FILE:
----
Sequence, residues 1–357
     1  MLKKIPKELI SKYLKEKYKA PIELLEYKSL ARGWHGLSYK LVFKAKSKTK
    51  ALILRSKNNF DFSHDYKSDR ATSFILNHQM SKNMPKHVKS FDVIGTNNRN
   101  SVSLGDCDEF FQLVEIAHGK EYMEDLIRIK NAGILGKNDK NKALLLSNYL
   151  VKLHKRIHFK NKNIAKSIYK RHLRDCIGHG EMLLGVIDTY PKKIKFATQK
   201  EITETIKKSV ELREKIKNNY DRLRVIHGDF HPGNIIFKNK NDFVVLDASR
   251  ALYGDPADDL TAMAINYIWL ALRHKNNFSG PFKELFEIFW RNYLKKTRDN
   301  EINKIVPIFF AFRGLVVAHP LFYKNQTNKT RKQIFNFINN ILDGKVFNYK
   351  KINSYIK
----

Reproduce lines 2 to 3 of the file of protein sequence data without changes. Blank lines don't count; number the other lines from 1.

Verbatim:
     1  MLKKIPKELI SKYLKEKYKA PIELLEYKSL ARGWHGLSYK LVFKAKSKTK
    51  ALILRSKNNF DFSHDYKSDR ATSFILNHQM SKNMPKHVKS FDVIGTNNRN